6 Important Tips For Working Mothers
by Barney Whistance, Contributing Writer
More mothers than ever are in the workforce. Ladies now make up half of all workers in the United States, with almost 4 in 10 homes having a mother that is likewise a working mother. Being a full-time working mom can prompt feelings of guilt and stress as a result of being stuck in the middle of work and family. For men it’s not all that hectic because they don’t have to manage household chores or juggle with their children’s homework along with their workload. However, moms go crazy and tend to lose their sanity. Well, if you are a working mother and can’t find the time to have a glass of water then you need to read this article.
Share the burden
It’s high time you start sharing the burden with your partner. If you can contribute to the household’s income then morally it’s his duty to participate in the responsibilities of children as well. This would make life so much easier at moments when you have to go to a parent teacher meeting but have a work deadline to meet, as well. This is where your partner can step in by going to the parent teacher conference or cooking a meal for the family if you got stuck with some work in the office or by picking and dropping the kid to school. These little responsibilities, when divided, make life so much more convenient.
Stop feeling guilty
Instead of beating yourself up on how you're not with your child, consider how your part in the firm is profiting the family. Maybe you can afford the cost of specific educational opportunities for your kids or you can save up for their college fees.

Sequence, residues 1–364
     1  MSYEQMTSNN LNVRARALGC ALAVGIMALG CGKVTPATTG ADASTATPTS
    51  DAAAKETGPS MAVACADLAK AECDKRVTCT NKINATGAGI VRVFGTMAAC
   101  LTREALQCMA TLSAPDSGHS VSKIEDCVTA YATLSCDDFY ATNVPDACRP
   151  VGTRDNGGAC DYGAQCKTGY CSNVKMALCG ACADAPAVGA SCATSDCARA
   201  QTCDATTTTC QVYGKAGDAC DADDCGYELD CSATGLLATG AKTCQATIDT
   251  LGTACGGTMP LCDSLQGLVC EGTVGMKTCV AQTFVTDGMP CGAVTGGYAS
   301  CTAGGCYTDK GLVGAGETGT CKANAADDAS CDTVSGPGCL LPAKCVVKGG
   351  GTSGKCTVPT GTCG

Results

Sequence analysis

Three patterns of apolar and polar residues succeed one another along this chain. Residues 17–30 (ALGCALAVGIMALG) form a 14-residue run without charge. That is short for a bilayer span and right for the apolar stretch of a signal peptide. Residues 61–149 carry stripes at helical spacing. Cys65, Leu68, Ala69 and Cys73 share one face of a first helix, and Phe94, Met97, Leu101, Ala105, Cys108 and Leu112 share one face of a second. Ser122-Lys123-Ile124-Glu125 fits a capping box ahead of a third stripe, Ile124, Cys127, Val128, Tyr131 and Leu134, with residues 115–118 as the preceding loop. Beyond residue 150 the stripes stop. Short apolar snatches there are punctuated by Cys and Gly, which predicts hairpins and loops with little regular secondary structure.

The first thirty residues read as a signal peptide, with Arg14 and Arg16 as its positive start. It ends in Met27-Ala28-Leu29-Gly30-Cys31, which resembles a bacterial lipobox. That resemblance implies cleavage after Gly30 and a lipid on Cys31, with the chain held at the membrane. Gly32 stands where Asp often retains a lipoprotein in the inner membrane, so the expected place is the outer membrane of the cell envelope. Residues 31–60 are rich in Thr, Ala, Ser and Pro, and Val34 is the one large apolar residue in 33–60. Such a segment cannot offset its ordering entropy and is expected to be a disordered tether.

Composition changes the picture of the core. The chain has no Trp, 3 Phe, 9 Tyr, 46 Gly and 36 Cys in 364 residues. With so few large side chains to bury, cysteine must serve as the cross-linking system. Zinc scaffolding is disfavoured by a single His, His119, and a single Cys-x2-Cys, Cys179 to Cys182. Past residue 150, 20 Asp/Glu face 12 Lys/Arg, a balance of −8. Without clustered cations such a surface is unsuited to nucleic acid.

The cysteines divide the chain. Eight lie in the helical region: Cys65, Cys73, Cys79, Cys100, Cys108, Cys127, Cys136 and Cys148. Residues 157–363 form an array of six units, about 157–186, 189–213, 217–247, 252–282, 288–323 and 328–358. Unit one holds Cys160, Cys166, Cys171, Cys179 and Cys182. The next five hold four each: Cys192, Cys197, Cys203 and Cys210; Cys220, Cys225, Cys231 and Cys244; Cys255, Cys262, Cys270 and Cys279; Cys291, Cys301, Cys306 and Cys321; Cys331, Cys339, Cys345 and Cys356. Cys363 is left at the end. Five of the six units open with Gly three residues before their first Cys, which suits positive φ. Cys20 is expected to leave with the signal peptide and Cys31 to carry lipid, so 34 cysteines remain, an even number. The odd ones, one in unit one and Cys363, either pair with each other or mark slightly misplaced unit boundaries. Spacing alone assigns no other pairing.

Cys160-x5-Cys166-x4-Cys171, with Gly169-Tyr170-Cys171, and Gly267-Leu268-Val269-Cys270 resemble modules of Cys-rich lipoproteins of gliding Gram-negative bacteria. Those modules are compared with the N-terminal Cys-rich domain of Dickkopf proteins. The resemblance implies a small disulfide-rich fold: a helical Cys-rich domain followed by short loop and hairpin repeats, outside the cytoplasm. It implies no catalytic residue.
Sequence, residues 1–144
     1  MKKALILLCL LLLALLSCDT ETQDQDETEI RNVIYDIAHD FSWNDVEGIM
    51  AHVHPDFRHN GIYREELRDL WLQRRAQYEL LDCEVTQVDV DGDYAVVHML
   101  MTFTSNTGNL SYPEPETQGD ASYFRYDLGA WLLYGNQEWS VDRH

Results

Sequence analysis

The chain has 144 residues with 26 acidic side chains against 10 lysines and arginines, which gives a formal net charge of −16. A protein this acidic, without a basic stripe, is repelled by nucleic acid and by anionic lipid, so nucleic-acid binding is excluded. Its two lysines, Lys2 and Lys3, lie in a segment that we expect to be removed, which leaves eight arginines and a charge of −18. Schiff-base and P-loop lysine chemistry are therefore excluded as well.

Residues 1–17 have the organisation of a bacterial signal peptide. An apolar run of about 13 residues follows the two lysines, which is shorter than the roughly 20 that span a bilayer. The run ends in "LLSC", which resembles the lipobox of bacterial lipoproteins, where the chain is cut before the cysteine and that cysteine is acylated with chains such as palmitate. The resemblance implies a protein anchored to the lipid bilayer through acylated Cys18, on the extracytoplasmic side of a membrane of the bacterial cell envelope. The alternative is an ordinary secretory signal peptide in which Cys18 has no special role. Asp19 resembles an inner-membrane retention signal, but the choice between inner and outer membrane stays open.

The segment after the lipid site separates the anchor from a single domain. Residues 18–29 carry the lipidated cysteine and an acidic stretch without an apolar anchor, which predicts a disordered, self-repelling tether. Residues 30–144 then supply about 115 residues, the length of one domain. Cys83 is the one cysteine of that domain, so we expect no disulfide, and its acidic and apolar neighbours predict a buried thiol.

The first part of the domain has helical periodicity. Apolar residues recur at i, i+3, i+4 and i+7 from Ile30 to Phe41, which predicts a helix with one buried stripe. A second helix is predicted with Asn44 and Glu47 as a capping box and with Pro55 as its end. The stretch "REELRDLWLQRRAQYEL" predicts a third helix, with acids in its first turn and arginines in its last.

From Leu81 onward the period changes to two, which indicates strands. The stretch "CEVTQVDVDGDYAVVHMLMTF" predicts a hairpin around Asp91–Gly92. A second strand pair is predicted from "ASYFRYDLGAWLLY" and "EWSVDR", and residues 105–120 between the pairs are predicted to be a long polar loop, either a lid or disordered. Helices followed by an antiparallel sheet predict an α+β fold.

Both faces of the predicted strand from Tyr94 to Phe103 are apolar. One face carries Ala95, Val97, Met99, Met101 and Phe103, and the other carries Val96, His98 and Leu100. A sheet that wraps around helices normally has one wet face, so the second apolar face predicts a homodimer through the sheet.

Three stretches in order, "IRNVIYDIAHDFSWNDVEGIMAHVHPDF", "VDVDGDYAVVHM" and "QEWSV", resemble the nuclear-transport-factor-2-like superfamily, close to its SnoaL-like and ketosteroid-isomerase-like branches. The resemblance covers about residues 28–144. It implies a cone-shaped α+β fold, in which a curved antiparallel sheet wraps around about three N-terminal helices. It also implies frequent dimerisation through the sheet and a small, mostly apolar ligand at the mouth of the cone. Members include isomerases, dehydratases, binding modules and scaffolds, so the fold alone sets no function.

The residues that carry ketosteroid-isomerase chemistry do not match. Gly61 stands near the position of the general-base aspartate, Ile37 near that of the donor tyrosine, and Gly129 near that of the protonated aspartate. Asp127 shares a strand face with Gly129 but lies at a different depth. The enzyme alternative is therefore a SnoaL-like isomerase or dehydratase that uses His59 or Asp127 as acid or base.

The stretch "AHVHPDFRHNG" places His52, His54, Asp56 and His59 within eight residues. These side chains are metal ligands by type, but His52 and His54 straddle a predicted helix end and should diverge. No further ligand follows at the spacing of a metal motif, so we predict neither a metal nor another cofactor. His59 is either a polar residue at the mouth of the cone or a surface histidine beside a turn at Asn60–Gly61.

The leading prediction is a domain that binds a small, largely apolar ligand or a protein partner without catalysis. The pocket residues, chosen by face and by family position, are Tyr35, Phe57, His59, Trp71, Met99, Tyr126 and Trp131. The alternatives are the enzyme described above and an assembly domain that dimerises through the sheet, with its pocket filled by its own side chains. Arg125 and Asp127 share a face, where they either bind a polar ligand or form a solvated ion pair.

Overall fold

Don’t let other mothers bring you down
At times, other mothers can be really supportive of your decision; they boost your confidence and push you to achieve better goals. However, at times they could be very jealous that you’re doing so much better than them and they may feel the need to criticize you in order to satisfy their ego. Remember, only those who point fingers at you are the ones who are jealous of your success. So don’t think you’re a bad parent just because they say so.
Don’t be a pushover at work
Don’t let your office push you around. Don’t let them dictate terms to you that are unfair on you. Set your limits, tell them that you will leave the office at a certain time, every day, regardless of whatever happens. If you’re unable to complete an assignment, tell them that you will complete it from home.
An important thing to take notice of as to avoid running around like a maniac is being organized. Decide what you’re going to cook for breakfast tomorrow and what lunch are you going to pack for your children. Be sure to iron out all the clothes a night before. This means your children’s clothes, your husband’s shirts and pants and your blouses or dresses. Hire a day time nanny who can take care of your kids while you’re at work so she can take care of your children. That way you won’t have to run back and forth from your office worrying about their lunch time and putting them to sleep in the afternoon or taking them to the park.
Do each task at the right time